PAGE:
Monthly Archives: August 2016

Looking Past Each Other

Because we look past each other, because we fail to understand the background and history of other peoples who are different than us, the movement referred to as “Black Lives Matter” has created a lot of controversy.  Sure, black lives matter, but from the point of view of many people, all lives matter.  Yes, all lives do matter, but that misses the point.  History is important, and the facts prove that black men have to a large degree been expendable following the Emancipation Proclamation during the Civil War after which they could no longer be owned as chattel.  Reconstruction following the Civil War brought about a backlash by white people in the South to establish, if not slavery, then at least a white superiority that became known over time as the Jim Crow culture supported by Jim Crow laws.  That very real history of Jim Crow imposed on blacks for almost a century explains why a large number of whites continue to have perceptions drawn from that Jim Crow culture even now, more than fifty years following the successes of the Civil Rights Movement.  Even today, some people of good will fail to see some of the more subtle aspects of this continuing discrimination, often failing  to acknowledge the lingering effects of second-class citizenship on people of color.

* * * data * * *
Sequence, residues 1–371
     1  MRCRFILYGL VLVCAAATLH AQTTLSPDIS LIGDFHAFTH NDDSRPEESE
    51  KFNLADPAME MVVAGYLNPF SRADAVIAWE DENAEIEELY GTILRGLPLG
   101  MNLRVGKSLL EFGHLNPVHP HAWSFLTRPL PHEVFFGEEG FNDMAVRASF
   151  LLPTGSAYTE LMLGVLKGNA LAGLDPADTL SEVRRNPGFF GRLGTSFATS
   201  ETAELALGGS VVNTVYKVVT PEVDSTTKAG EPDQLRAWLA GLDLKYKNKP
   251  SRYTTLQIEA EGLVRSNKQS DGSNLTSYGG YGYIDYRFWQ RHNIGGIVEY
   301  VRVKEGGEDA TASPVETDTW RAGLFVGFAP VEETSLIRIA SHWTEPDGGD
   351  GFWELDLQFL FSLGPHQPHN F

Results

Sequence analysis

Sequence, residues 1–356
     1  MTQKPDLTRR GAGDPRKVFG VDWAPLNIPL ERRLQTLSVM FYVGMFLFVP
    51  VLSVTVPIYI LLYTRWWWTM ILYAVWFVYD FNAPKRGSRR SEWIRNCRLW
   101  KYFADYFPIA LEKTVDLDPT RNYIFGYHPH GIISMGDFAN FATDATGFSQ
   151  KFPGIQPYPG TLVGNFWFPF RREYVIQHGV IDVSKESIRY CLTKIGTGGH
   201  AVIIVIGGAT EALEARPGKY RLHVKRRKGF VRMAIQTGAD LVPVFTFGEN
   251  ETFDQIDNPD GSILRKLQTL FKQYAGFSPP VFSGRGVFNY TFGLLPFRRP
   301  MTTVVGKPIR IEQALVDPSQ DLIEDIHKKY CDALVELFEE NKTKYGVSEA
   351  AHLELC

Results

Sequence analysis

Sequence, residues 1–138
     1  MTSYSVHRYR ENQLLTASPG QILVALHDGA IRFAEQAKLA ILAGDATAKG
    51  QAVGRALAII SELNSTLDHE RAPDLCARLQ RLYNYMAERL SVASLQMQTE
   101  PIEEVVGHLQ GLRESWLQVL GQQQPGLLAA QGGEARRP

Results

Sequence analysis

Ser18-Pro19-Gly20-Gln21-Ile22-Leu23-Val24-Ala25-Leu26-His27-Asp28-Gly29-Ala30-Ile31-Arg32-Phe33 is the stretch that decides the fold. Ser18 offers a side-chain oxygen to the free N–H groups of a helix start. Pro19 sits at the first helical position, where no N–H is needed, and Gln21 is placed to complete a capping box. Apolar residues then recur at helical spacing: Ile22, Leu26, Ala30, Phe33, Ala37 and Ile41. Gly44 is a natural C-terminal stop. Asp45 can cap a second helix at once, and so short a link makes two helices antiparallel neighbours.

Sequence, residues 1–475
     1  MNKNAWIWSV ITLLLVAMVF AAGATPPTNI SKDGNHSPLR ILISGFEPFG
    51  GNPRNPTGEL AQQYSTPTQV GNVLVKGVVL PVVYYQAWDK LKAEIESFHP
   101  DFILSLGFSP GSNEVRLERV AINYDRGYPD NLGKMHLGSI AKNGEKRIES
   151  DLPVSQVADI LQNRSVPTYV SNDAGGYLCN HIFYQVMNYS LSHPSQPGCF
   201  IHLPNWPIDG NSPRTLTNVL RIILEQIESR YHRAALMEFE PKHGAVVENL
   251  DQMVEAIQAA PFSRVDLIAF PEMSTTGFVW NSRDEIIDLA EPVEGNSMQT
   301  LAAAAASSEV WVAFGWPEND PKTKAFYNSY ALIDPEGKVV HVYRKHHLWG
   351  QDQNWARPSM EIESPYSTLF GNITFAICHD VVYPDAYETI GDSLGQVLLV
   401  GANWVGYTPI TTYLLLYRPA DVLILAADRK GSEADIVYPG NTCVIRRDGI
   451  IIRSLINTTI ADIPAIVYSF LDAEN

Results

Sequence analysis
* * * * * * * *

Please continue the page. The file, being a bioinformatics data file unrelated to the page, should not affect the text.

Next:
Because of this history of violence against blacks, I think it is fitting that there should be a distinction between “Black Lives Matter” and “All Lives Matter”.  The slogan “Black Lives Matter” incorporates [or should do so] that unstated history concerning the ease with which black lives could be expended in the years following Reconstruction and continuing even until today.

We do look past each other and we fail to see those unstated assumptions.  If we could simply restate the slogan like this:  “Because of the history of relationships between blacks and whites in the United States and particularly in the South, there is a perception that black lives do not matter and therefore we want everyone to know that black lives do matter.”

But, as you see, that is not a slogan.  That is not a soundbyte.  Slogans and soundbytes carry unstated assumptions, and because of the fact alone, we continue to look past each other, failing to see the pain and loneliness reflected in each face.